Almost every day since her son’s liver transplant in October 2013, Geri Edwards of Statesville has been reminding friends, families and anyone she can to register as an organ donor.
|Tranplant Patient, Dalton Edwards
“I would love to meet the family of the person who donated the liver,” Edwards said. “We’re very, very grateful.”
Although she’s been an organ donor for a long time, Edwards didn’t give it much thought until her son was placed on the waiting list at Carolinas HealthCare System’s Levine Children’s Hospital.
Her son Dalton, 16, a junior at West Iredell High School, found out Sept. 27, 2013, that he had a large 12-pound cancerous tumor on his liver. If doctors performed surgery, he wouldn’t have enough liver left to regenerate. He needed a new liver.
Because of his medical situation, Dalton was made the highest priority and put on the organ waiting list. After only three days on the list, on Oct. 9, 2013, Dalton received that new liver. “They told us they had never had an available liver that fast,” Edwards said.
“The transplant waiting list is made up of people of all ages,” said Gary Burris, chief operating officer for LifeShare Of The Carolinas, a partner of Carolinas HealthCare System. “Likewise, it’s important to show that people of any age can make a powerful difference in someone’s life by being a donor. Donation saves and heals lives every day.”
David Levi, MD
Transplant Surgeon at CMC
During April – which is National Donate Life Month – LifeShare held events to raise awareness for not just organ donations, but also eye and tissue donation. Hospitals around the region held flag-raising ceremonies during April that featured past donors and recipients speaking about their experiences, and also encouraged registering to be a donor. Carolinas Medical Center plans to host an organ donation flag-raising ceremony on May 13.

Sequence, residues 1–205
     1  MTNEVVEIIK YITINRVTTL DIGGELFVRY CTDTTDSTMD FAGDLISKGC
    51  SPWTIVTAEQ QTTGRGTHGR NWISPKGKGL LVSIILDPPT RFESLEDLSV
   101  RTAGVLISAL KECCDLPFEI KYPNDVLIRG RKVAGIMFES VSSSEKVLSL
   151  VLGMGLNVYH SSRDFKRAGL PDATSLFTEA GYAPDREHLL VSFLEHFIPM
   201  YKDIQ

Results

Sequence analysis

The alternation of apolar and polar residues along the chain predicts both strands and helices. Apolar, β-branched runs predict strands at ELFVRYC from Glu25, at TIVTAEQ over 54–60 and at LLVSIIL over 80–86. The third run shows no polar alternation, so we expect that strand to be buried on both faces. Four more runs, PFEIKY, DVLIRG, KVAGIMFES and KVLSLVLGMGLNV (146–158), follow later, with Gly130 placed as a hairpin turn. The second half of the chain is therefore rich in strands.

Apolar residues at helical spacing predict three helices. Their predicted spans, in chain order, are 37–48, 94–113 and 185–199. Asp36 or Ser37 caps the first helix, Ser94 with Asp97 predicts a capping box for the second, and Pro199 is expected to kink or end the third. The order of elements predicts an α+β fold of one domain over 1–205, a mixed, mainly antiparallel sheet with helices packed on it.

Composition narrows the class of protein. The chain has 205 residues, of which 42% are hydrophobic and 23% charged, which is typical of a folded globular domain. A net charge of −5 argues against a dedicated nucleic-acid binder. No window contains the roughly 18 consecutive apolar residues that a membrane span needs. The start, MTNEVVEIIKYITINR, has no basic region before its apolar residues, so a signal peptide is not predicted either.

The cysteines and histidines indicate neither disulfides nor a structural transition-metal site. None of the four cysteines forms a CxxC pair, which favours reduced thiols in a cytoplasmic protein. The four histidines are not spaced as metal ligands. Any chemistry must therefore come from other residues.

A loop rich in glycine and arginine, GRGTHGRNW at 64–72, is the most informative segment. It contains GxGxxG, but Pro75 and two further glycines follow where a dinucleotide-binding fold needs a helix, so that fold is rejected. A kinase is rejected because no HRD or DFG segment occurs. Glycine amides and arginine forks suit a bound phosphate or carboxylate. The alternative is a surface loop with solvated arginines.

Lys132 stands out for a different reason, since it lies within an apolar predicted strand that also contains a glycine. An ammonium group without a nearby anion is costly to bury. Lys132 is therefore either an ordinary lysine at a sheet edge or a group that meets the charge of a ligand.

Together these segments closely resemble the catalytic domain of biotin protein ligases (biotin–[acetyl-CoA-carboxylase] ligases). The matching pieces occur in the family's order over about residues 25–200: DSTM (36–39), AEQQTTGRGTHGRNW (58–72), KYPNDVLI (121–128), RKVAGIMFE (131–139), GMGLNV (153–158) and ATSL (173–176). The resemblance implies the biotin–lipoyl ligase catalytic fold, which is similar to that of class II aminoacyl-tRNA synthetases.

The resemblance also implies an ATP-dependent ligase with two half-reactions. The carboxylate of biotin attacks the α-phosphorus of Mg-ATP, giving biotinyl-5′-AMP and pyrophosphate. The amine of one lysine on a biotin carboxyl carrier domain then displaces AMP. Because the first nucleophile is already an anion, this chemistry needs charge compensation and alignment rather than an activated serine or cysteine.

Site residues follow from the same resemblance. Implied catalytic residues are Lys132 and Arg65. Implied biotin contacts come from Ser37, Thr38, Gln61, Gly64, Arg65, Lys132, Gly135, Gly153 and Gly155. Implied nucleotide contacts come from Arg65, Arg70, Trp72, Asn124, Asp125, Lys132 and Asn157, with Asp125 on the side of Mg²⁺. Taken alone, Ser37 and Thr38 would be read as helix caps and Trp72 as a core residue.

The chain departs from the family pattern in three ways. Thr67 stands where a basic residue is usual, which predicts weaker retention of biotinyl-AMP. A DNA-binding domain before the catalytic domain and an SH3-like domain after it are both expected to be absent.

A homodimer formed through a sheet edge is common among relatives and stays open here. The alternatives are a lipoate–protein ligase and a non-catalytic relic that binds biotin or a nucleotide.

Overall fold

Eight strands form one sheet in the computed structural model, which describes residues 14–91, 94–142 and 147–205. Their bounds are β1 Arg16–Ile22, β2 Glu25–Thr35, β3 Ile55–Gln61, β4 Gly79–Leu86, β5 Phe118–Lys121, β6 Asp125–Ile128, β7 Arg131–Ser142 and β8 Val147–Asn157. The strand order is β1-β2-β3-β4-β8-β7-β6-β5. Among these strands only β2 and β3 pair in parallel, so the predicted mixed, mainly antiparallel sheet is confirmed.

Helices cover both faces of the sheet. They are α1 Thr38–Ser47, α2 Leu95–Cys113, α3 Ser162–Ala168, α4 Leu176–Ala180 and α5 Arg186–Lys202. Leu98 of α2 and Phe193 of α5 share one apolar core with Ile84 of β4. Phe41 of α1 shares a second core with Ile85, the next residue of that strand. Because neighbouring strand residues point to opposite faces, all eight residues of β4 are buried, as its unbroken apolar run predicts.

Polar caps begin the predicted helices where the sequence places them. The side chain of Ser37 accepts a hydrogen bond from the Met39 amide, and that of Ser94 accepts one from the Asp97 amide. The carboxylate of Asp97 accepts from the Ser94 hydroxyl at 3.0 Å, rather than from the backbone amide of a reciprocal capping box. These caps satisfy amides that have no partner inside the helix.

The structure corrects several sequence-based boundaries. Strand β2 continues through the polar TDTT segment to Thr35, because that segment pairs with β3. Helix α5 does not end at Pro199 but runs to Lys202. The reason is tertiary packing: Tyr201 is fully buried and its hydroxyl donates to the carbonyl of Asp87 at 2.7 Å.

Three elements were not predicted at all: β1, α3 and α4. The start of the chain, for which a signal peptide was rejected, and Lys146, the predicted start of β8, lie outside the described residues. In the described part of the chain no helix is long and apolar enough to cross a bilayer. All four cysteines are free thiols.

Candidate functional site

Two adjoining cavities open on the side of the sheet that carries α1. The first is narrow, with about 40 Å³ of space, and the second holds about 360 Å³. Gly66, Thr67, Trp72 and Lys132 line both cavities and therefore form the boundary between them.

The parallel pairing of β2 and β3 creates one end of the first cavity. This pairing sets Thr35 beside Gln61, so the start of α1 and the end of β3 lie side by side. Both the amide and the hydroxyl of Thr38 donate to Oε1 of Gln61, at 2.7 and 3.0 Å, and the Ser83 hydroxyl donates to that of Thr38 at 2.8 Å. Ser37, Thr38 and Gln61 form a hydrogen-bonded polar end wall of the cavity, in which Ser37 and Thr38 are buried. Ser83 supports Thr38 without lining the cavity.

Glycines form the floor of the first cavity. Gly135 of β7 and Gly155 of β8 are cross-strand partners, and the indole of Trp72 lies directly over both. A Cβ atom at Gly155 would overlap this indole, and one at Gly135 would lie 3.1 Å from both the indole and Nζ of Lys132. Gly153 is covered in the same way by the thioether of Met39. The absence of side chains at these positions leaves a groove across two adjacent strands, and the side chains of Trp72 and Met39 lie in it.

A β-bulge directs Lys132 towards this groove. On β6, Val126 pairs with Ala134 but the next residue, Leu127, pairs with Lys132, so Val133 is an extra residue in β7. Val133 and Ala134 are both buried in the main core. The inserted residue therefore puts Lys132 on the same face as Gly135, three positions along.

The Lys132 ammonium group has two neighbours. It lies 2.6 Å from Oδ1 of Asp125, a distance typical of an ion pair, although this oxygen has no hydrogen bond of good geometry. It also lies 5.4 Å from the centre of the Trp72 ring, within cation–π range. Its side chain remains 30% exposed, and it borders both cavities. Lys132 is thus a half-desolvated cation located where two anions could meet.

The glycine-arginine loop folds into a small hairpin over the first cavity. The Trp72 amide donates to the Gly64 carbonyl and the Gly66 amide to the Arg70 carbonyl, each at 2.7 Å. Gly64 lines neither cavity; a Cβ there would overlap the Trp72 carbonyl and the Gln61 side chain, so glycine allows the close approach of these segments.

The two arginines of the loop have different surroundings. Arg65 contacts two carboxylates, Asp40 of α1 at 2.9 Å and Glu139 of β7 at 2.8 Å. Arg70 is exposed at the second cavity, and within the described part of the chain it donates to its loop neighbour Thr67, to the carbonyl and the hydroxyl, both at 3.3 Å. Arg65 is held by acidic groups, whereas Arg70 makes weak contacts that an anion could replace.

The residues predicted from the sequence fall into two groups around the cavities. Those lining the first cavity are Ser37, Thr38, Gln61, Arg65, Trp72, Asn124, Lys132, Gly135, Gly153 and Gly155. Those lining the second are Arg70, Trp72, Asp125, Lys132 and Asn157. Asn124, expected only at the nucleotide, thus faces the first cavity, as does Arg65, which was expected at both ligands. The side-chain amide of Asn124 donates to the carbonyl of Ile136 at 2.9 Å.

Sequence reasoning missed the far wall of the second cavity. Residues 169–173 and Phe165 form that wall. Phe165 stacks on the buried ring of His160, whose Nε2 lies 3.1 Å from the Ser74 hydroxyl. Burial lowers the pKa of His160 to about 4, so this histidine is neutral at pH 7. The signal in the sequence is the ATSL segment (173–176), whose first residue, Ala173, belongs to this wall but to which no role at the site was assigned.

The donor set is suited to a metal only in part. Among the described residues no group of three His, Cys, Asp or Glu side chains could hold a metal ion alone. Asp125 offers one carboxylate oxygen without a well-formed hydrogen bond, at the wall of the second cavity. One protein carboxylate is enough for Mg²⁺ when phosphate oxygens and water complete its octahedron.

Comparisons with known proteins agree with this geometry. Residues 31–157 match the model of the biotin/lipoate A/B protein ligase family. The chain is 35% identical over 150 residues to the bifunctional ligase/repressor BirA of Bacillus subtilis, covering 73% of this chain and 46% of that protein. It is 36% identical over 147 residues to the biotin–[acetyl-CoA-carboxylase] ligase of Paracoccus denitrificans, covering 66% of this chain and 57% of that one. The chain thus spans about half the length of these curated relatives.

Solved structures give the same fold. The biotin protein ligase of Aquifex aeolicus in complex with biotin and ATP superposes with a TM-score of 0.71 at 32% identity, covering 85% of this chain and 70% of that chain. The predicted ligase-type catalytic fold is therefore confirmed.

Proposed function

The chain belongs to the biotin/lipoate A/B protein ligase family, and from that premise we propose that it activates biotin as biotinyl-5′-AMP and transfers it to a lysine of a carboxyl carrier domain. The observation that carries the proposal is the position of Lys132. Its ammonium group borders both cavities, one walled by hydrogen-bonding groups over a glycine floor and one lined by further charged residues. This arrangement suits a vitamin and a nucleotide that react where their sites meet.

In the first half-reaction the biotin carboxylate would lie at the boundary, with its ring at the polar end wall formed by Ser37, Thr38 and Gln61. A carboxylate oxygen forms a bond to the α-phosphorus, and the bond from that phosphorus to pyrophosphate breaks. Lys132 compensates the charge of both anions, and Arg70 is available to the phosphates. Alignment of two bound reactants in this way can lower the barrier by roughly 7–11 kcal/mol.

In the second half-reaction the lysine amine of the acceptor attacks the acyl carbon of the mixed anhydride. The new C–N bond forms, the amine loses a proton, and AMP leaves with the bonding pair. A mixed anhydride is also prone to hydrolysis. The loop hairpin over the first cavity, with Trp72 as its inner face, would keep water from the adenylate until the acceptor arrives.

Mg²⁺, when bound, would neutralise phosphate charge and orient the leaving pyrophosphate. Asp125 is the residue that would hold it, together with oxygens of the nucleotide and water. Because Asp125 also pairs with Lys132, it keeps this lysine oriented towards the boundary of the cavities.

The liver transplant team at Carolinas HealthCare System’s Center for Liver Diseases is also celebrating its 20th anniversary of its first liver transplant. Since that date in 1994, the liver transplant team has performed more than 700 liver transplants and is now performing 60 to 70 transplants annually.
“We have many patients – adults and children – awaiting organ transplants. For some, timing is critical,” said David M. Levi, MD, the transplant surgeon at Carolinas Medical Center who performed Dalton's surgery. “By becoming an organ donor, you have the potential to give others a second chance at life. By making your feelings about organ donation known and registering as an organ donor, you maximize that potential.”
More than 120,000 people are on the national transplant waiting list.
Dalton, however, doesn’t want anyone to wait for organs and possibly die before receiving one. “He told his surgeon that he wants to major in bio-medical technology,” his mother said. “He’s very serious about it and has been studying up. He wants to be able to grow organs so others won’t have to wait.”
Geri Edwards is also grateful there is a nationally-respected organ transplant center right here in our region and only 90 minutes from their home.
Vani Gopalareddy, MD
Director of Liver Transplantation
“Of course, as a mother, I’m going to check out where my child is getting a transplant,” she said. “Everywhere I called said Levine Children’s Hospital is the best. The hospital has been absolutely wonderful.
I couldn’t ask for anything better. The whole experience has been the best hospital experience we’ve ever had.”
Vani Gopalareddy, MD, director of liver transplantation, is happy Dalton’s case turned out so well, all thanks to a liver transplant. “The collaboration of care that goes into each case is remarkable,” she said. “We work closely with our general pediatricians, specialists and surgical partners. The partnership we share in bettering the lives of our patients is very strong and works very well.”
To become an organ donor, you join the North Carolina Organ Donor Registry. LifeShare Of The Carolinas has more information on organ and tissue in our region.